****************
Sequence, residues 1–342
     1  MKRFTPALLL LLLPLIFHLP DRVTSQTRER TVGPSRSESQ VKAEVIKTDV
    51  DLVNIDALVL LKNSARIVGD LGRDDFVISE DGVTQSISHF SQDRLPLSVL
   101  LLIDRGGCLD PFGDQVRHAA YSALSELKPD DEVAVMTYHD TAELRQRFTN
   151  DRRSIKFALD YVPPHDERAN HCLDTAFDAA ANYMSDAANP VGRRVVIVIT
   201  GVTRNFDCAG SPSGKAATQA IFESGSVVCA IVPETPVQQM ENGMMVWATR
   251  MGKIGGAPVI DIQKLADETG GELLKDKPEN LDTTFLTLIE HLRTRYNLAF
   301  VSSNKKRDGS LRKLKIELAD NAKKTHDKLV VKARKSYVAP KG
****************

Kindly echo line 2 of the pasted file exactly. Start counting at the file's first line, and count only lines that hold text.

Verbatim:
     1  MKRFTPALLL LLLPLIFHLP DRVTSQTRER TVGPSRSESQ VKAEVIKTDV